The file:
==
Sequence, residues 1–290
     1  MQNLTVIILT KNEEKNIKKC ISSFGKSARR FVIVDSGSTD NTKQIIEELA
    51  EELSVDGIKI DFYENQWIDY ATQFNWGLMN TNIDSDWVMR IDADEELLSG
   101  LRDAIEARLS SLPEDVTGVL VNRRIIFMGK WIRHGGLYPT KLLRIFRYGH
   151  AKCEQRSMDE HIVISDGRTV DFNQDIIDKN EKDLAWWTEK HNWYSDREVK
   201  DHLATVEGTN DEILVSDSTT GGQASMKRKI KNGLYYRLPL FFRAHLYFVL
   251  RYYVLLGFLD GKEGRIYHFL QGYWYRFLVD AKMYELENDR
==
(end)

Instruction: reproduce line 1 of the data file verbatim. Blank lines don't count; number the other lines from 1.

Sequence, residues 1–290